LIST OF ABBREVIATIONS ADA American Dental Association CNA Certified nursing assistant DON Director of Nursing IV Intravenous LPN Licensed practical nurse RN Registered nurse IX

SURVEY OF ORAL HYGIENE KNOWLEDGE AND PRACTICE AMONG MISSISSIPPI NURSING HOME STAFF Robin McMillin Howard Ph.D. Clinical Health Sciences School of Graduate Studies in the Health Sciences University of Mississippi At the Medical Center Jackson, Mississippi 2010 The population of nursing home or institutionalized elderly residents in Mississippi is growing as a result of the Baby Boomer influx. Unlike previous generations of nursing homes residents, these residents have retained at least part of their natural dentition because of advances in dental care. Studies on the oral care available for institutionalized elderly patients have shown that nursing staff in nursing homes have inadequate knowledge of dental hygiene procedures. This study examined nursing staffs attitudes toward oral care, their perceptions of the importance of oral care, and their knowledge of oral healthcare according to the recommendations for its practice. A survey instrument designed to provide demographic data and both objective knowledge and subjective attitudes was employed. This instrument was reviewed by dental health care professionals and approved by the Institutional Review Board before deployment in the field. Initially, comparisons between public-pay rural and urban nursing homes were planned to determine whether differences exist in nursing staffs practice, attitudes, and knowledge depending on the population. Mississippi is predominantly a rural state and has only a few urban centers. This did not preclude the identification of rural and urban nursing staff for inclusion in this research. However, no statistically significant x

differences in any of the categories examined in the survey instrument were found. Thus, Mississippi is a very homogeneous state with regard to many of the self-reported responses concerning the attitudes, practice, and knowledge of nursing staff with regard to dental hygiene. The nursing staff reported assisting 88% of their patients with oral brushing twice daily, as recommended by the American Dental Association (ADA). However, only 19%) of this same population received assistance with flossing and 4% with oral swabbing, which does not meet the standard of care. Most respondents reported an appreciation for dental care and felt that they had the support of their administrators to take the time to provide basic oral care. However, most reported that they provided what would be considered less than optimal care for their patients, particularly the dentate population. It was not clear whether this oversight was a result of a lack of time, knowledge, or personal attitudes on the part of the staff. The survey revealed that the most significant gaps in the nursing staffs understanding of oral care were evident in their self-reported knowledge and objective evaluation of knowledge. Over 83% of the nursing staff felt that they had good to excellent knowledge of oral health. However, the staff correctly answered only 64% of the specific questions on basic dental care. Indeed, the highest correct response rate for individual topics was 87% for denture care. This identifies an important gap that must be addressed because more nursing home patients are likely to retain their natural dentition. It is also important to note that the nursing home staff in Mississippi have at least high school diplomas, and the majority have some training beyond this basic level. This xi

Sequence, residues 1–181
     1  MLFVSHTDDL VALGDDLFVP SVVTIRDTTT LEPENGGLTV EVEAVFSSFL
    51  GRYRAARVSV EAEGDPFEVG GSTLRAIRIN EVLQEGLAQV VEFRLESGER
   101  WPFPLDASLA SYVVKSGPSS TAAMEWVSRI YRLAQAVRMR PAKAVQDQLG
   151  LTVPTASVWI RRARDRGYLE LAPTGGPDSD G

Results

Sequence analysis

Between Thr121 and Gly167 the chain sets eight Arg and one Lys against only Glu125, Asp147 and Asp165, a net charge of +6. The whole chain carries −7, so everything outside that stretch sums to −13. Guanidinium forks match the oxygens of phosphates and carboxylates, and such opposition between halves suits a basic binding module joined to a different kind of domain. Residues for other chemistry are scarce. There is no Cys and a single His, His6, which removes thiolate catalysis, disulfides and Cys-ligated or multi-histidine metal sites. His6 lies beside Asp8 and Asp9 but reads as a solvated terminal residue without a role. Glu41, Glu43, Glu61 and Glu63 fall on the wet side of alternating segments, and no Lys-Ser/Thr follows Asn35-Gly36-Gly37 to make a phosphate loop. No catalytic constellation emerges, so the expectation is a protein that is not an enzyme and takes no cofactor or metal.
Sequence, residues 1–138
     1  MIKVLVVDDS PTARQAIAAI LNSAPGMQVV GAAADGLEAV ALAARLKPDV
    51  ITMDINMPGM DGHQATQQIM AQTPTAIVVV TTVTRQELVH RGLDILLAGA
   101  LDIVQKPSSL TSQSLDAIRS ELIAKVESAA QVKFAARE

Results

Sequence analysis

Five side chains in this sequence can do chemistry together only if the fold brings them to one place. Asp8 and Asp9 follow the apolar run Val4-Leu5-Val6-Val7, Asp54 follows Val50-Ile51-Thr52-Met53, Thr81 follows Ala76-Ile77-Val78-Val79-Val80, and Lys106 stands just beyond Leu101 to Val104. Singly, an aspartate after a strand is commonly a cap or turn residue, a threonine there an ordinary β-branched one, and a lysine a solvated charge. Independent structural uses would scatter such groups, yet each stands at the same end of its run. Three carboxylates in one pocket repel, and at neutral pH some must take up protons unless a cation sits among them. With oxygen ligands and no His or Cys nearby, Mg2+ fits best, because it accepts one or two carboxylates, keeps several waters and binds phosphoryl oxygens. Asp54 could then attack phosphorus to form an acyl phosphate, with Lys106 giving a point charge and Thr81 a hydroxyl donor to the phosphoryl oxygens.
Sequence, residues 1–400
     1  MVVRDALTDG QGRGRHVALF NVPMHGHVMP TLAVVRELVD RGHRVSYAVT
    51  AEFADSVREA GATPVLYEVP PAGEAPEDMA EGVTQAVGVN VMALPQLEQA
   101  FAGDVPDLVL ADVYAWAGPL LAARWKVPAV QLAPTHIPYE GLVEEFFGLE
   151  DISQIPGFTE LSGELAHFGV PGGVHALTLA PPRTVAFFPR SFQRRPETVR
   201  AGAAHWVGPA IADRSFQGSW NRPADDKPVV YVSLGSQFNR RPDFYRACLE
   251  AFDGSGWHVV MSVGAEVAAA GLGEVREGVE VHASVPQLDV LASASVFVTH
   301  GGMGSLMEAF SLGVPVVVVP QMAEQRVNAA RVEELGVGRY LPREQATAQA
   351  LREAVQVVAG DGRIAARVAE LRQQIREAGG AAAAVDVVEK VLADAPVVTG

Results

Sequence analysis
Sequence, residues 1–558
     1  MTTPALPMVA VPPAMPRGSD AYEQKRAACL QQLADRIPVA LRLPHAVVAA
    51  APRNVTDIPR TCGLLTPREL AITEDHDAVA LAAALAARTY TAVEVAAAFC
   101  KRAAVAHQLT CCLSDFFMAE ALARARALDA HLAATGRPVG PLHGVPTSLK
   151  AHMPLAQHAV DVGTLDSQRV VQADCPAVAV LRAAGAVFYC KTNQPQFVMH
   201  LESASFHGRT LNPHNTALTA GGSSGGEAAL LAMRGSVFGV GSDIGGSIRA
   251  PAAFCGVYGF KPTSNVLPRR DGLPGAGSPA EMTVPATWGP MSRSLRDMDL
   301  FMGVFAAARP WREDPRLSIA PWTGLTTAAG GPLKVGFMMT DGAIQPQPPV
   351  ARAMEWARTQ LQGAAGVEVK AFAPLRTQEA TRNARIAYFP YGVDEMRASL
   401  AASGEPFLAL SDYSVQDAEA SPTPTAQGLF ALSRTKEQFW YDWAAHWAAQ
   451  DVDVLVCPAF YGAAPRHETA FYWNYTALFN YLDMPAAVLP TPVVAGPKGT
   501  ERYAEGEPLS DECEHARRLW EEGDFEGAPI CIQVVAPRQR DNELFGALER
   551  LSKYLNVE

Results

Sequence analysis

indicates that these individuals are among the more skilled members of the workforce in a state with a high number of unskilled workers without a high school education. Even so, the knowledge of dental health is lacking. In part, this must be attributed to failures in the training programs themselves, which include both formal classes and service programs. There should be a renewed emphasis on the part of dental professionals on increasing their profile with nursing schools, certification programs, and nursing homes. xn

CHAPTER I: INTRODUCTION